Monday, April 7, 2008

In His Own Country


If I was given a choice to only see one Charlton Heston film over and over from now until the end of time it would have to be TOUCH OF EVIL, no question about it. True, there are a number of his prestige films that I still haven’t seen, an oversight I hope to correct one of these years, it contains neither massive battle scenes or talking apes and people have made jokes about him playing a Mexican for years, but I don’t care. It’s just too enjoyable for me to ever pass it up. There’s so much going on in the film that sustains repeat viewings and watching it again over the past day confirms that it’s one of those films that gains added depth over the years as my own perceptions of people and the world itself changes.

Of course, much of that has more to do with Orson Welles than Heston, but hey, it’s the lead actor who was responsible for his director getting the assignment, despite the factually inaccurate dialogue in ED WOOD that suggests otherwise. And look past the oddity of his casting because of how strong he is in the part and how much he ultimately adds to the flavor of the film. In a world populated by colorful and eccentric characters from Dennis Weaver to Mort Mills to Marlene Dietrich, some of whom have peripheral association to the plot at best, Heston’s Miguel ‘Mike’ Vargas is the rock it all has to be centered around. His physicality lets itself be known whenever he is on camera and as an actor he seems perfectly comfortable with letting the other actors get their share of the visually overwhelming spotlight. He’s a figure of true righteousness in the ultra-sleazy border town which TOUCH is set in and his screen presence here is almost more powerful to me than in some of his other ‘bigger’ films, maybe because he isn’t required to carry the full weight of civilization (and, often, its end) on his shoulders. He’s simply a man of principle who may speak of how much he hates what he has to do in the climax, but it’s clear he does it because he can’t leave town without doing otherwise. And he’s believably vulnerable in the slight tension which exists between him and new American bride Janet Leigh in their cultural differences (“It would be nice for a man in my place to be able to think he could look after his own wife in his own country.”). Reading over some comments he gave on the project through the years Heston seems very aware that the film isn’t ‘about’ his character even though you’d expect it would be and it’s to his credit that he allowed this to occur. It not only provided the greater challenge as an actor to stand face to face with the great Orson Welles as Hank Quinlan but this shifting of focus resulted in a true masterpiece, something no one seemed to be contemplating when the film first went into production. And even if he’s never allowed the little touches in performance that others in the film seem to have, every time in my own life I put on my sunglasses when I have to walk outside for just a moment, I think of the ultra-cool way he manages to do it, as he crosses the street from Sanchez’s apartment to the awkward moment he has with the blind woman whose phone he asks to use.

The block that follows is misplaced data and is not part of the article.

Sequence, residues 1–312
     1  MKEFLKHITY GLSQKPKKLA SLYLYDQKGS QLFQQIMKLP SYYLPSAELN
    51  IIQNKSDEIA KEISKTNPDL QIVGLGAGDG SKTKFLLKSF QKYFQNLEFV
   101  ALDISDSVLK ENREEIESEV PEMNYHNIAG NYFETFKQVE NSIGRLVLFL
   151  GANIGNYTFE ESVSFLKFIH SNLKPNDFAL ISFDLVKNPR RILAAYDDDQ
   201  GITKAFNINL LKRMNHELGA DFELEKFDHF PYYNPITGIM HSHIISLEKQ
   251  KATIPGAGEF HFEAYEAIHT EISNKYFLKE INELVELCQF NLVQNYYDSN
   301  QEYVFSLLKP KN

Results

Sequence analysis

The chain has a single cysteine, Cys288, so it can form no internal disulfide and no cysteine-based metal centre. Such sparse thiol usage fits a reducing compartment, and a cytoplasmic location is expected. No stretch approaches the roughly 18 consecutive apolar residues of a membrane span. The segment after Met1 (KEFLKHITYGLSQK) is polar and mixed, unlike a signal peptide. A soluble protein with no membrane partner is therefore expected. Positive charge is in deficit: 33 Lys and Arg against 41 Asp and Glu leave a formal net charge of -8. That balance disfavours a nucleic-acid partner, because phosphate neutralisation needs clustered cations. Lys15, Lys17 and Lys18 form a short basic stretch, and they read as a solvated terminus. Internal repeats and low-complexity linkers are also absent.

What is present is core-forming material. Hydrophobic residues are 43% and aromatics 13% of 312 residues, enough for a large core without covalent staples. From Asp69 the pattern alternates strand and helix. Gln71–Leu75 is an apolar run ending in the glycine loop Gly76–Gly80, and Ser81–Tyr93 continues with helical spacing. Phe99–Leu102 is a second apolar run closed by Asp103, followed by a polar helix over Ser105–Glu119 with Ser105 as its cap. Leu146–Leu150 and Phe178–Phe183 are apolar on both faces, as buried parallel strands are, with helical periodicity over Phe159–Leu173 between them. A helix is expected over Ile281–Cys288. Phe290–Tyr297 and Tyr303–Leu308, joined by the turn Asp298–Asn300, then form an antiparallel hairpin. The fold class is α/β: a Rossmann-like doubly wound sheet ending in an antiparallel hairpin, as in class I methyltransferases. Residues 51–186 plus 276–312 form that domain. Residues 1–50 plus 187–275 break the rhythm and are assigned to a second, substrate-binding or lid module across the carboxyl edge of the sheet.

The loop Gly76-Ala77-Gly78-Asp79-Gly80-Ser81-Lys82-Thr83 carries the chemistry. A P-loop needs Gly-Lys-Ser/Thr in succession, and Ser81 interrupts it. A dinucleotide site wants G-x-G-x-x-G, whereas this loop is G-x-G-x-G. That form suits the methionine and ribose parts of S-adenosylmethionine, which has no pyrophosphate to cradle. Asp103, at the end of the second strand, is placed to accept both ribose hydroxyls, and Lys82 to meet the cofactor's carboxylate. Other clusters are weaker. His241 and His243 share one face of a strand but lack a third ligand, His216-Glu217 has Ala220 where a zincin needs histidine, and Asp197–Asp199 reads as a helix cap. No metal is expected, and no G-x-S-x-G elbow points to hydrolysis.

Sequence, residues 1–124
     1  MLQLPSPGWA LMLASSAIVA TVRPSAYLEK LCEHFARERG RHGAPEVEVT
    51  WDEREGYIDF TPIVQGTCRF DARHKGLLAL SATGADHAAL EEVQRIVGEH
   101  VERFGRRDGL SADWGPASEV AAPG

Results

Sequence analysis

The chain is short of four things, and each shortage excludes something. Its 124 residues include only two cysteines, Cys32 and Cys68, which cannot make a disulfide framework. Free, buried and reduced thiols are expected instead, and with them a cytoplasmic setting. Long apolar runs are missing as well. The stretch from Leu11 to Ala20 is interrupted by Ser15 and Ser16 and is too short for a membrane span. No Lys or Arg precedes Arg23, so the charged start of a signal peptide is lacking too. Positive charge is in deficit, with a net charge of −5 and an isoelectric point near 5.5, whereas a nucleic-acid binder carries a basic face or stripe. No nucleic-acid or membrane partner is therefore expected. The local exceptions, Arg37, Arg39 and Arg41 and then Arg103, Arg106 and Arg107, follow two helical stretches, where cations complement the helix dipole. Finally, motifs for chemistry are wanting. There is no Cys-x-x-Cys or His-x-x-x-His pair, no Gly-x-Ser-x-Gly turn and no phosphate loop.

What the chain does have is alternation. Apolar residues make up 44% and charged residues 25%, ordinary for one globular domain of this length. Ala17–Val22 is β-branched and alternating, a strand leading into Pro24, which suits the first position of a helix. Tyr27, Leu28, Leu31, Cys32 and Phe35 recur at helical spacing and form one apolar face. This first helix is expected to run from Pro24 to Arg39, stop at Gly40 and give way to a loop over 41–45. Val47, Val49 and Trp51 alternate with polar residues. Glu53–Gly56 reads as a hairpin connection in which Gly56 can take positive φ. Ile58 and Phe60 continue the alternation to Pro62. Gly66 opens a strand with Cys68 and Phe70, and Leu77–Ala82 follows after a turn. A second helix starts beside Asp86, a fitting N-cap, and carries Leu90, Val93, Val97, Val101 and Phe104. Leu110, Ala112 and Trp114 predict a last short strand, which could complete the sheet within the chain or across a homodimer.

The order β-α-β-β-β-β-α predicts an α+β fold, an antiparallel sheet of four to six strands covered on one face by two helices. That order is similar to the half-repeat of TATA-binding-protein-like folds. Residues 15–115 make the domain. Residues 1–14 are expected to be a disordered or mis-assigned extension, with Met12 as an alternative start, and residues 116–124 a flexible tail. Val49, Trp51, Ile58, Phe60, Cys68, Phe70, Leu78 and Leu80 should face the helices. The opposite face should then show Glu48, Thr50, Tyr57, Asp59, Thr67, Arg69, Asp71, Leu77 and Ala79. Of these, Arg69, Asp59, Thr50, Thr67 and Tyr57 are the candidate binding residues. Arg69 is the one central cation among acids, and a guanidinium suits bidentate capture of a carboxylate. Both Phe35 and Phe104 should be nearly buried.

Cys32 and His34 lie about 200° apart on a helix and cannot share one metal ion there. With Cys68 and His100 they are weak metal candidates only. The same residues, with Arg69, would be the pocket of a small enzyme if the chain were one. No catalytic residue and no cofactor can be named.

I only saw Charlton Heston in person a few times and never actually met him. One of those times I was in his presence was back in 2000 for a special screening of TOUCH OF EVIL at the Fine Arts Theater in Wilshire, I think to promote the video release of the restored cut. Among the participants at the post-film panel were Heston and his screen wife Janet Leigh. She died a few years ago and now he has as well. Thinking of that reminds me how the two of them are reunited at the end of the film but there seems to be no further interest in them beyond this narrative fact. The couple never learns of the revelation that Schwartz makes to Tanya and they don’t even seem to warrant a ‘final shot’ of their car driving off in the end, giving Marlene Dietrich in her legendary cameo the famous final image instead. I have no complaints about that but it does make me think today of their characters Susan and Mike, reunited once again. There’s a lot to be said about Charlton Heston, but I’m going to avoid doing that here. Right now, I’ll think of him as someone who seemed to have ability to carry the weight of the universe on his shoulders but sometimes was just an upstanding individual out at night looking for a chocolate soda for his wife.

"Adios."

5 comments:

ARBOGAST said...

Sweet.

Adam Ross said...

Great post. And to quote Ms. Dietrich on the recently departed: "He was some kind of man ... what does it matter what you say about someone?"

Mr. Peel said...

Very true, very true. Thanks to you both for that.

wyndham said...

I totally agree Mr. Peel, although I have a big soft spot for The Naked Jungle.

Mr. Peel said...

I've heard about THE NAKED JUNGLE, but I've never seen it. Consider it on my list of films I need to check out.